Tonight I can scarcely remember the plot or the characters’ names, but the details are still vivid.
In Airport, Arthur Hailey weaves together several plots whose characters happen to be in a particular place, just as he did in Hotel.
In this case, the scene is the fictitious Lincoln International Airport in the overnight hours during a blizzard.
The story focuses primarily on Mel Bakersfeld, the airport’s general manager, who has a rocky marriage, a brother whose air controller job is pushing him toward suicide, and an aging airport no longer capable of meeting the demands of aviation in the post-JFK era.
Hailey works in a couple of plots, one quite implausible, to make the point that airports are dangerously inadequate from a safety perspective.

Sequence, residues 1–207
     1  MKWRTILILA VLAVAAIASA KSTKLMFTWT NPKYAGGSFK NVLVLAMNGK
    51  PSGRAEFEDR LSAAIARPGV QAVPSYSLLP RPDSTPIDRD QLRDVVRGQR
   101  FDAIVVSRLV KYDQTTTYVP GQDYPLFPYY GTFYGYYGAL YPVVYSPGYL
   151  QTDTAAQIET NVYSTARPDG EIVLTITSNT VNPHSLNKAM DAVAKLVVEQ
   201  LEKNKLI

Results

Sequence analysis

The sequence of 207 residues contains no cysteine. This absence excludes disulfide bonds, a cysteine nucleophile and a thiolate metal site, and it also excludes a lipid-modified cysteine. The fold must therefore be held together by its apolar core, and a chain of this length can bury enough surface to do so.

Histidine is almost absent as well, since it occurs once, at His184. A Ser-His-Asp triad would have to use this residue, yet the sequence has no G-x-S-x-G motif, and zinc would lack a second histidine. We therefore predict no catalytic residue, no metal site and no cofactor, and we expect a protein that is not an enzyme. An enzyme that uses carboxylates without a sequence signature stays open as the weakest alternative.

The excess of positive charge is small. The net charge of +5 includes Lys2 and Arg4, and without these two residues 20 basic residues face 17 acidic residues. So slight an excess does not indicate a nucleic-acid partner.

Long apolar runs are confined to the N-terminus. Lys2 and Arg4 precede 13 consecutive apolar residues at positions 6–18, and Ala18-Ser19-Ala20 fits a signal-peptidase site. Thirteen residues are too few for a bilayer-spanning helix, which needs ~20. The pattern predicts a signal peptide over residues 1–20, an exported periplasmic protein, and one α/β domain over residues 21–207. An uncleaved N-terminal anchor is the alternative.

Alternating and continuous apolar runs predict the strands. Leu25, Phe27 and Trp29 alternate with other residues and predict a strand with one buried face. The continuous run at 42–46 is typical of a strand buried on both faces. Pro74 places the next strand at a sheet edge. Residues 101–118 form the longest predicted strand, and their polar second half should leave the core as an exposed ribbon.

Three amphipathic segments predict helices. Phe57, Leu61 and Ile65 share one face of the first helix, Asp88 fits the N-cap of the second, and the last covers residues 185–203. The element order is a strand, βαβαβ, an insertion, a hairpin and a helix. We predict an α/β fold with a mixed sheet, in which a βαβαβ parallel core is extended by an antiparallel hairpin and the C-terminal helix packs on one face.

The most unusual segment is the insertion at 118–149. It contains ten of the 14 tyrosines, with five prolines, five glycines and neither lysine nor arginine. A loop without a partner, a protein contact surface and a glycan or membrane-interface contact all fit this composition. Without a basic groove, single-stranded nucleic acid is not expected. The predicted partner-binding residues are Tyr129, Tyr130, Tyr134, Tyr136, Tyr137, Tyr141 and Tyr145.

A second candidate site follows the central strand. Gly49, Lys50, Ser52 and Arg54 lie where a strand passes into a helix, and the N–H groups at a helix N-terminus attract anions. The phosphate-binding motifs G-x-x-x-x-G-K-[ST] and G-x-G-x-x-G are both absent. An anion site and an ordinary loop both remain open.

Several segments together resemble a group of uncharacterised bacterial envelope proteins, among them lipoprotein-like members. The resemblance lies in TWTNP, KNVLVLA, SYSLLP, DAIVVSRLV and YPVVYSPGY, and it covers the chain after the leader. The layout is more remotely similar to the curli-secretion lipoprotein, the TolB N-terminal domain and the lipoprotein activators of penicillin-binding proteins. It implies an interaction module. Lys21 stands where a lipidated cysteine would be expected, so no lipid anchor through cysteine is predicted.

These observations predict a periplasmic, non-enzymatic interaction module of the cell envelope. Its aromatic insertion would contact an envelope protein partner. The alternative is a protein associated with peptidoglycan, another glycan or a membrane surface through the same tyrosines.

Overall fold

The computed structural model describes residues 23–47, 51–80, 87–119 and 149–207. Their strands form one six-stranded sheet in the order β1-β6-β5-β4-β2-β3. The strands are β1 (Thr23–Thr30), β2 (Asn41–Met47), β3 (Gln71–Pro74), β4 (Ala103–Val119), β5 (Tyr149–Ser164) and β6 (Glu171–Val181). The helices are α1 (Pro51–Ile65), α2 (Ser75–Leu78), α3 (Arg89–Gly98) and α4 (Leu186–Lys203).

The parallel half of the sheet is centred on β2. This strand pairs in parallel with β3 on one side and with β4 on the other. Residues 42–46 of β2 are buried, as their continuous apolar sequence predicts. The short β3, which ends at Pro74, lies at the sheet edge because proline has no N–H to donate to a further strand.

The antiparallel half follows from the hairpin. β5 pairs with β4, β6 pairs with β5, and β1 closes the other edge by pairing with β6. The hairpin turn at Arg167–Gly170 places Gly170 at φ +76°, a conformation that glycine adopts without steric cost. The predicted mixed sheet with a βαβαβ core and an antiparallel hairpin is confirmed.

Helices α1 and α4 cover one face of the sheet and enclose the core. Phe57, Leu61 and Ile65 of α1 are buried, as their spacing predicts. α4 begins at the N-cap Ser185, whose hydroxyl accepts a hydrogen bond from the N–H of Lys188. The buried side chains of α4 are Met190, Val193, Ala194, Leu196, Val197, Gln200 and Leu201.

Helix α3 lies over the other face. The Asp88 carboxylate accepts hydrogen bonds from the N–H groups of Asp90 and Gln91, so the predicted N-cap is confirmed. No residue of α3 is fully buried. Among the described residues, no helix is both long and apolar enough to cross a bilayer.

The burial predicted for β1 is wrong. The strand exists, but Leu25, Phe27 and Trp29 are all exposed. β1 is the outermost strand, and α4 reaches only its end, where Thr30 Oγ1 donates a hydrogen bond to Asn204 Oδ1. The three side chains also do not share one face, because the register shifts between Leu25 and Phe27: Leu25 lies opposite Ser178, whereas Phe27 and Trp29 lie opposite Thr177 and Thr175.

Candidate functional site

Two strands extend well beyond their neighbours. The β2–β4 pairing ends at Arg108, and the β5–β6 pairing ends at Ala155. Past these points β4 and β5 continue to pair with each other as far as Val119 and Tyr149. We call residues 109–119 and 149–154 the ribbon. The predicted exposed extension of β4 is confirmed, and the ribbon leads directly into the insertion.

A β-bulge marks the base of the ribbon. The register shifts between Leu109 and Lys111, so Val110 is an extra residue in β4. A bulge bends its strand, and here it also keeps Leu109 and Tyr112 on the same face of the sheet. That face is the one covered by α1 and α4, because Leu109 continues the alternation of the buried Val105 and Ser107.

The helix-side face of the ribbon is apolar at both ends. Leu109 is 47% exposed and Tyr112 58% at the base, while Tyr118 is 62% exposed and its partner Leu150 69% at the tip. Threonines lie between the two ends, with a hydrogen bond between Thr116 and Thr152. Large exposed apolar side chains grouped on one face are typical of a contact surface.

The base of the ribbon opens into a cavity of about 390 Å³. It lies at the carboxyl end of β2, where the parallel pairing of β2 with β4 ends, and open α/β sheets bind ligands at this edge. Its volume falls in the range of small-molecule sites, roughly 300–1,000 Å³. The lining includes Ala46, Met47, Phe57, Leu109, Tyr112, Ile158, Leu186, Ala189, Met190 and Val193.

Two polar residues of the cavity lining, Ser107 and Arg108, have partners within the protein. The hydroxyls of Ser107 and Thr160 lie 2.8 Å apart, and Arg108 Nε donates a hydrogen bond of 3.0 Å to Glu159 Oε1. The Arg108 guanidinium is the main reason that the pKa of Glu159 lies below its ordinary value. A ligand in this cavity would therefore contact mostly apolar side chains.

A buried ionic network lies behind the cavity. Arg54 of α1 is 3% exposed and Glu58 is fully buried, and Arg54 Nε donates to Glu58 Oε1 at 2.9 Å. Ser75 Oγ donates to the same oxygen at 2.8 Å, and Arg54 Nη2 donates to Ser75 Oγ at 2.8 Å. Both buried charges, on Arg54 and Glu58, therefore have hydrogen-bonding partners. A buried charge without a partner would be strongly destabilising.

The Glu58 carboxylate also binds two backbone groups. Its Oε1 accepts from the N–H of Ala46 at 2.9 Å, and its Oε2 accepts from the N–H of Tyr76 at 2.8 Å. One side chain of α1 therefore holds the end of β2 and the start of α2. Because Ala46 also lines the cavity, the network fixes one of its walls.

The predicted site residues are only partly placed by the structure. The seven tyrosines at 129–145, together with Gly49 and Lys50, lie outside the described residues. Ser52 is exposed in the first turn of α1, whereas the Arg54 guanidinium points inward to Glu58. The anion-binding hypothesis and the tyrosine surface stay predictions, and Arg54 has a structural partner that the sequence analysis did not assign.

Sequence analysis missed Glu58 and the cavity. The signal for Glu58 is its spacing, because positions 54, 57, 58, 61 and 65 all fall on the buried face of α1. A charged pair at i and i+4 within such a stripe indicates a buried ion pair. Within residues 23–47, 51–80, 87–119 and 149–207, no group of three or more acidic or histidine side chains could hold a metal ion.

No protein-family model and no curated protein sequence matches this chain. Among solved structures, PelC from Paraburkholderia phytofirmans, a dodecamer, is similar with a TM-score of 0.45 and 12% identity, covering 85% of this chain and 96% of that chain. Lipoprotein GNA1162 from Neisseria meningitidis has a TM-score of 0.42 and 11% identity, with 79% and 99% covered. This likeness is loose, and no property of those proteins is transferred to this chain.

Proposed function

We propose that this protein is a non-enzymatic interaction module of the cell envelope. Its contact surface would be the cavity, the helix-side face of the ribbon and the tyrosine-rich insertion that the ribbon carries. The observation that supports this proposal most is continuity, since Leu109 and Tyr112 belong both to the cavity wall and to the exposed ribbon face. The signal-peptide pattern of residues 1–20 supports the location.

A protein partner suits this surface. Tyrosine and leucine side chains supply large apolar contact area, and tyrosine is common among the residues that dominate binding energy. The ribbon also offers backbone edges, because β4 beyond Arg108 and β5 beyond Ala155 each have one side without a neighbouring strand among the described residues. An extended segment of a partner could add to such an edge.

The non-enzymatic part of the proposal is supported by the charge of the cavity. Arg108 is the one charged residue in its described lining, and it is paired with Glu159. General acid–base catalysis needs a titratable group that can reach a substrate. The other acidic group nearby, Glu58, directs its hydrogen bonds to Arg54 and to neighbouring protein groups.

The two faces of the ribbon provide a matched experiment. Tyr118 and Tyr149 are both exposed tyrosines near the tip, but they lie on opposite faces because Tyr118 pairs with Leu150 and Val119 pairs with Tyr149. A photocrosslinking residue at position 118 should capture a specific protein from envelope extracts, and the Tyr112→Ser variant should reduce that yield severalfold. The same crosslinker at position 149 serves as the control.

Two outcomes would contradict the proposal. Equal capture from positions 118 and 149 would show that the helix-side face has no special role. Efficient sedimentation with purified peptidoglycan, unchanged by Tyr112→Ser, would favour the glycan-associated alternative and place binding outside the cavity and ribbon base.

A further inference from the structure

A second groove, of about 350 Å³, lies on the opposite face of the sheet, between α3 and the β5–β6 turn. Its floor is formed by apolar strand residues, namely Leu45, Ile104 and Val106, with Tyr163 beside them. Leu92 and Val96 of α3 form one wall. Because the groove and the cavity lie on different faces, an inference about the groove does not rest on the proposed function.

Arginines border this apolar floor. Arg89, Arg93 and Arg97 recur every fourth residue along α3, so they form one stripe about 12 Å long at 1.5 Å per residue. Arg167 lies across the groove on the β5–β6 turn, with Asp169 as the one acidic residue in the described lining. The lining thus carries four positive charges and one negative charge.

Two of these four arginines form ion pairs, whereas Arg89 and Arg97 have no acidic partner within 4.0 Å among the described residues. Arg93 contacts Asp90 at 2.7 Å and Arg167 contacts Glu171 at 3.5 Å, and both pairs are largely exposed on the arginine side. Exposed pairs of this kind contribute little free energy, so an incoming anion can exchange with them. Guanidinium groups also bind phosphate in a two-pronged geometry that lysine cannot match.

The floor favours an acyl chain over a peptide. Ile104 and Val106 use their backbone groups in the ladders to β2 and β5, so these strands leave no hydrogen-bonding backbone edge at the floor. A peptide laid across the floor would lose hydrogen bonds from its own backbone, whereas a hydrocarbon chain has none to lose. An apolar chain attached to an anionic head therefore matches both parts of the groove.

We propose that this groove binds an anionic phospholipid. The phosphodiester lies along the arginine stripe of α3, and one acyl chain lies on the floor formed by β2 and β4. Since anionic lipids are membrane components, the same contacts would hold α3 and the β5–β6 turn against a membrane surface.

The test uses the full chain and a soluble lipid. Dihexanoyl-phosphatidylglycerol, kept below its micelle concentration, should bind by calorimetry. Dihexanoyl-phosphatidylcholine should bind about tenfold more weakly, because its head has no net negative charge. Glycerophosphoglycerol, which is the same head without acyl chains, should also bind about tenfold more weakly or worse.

Hailey tackles the stereotypes about pilots and stewardesses with a story line about one such duo for whom Hailey can’t seem to muster much liking.
What Hailey does marvelously, however, is relay the nuts-and-bolts details of the unseen jobs — the maintenance crews, the ticket counter staff, the air traffic controllers — so readers feel like they are looking over their shoulders as they work.
Airport is worth reading just for that.
Airport by Arthur Hailey
Doubleday, 1968. 440 p. 1968 bestseller #1. My grade: B.
© 2017 Linda Gorton Aragoni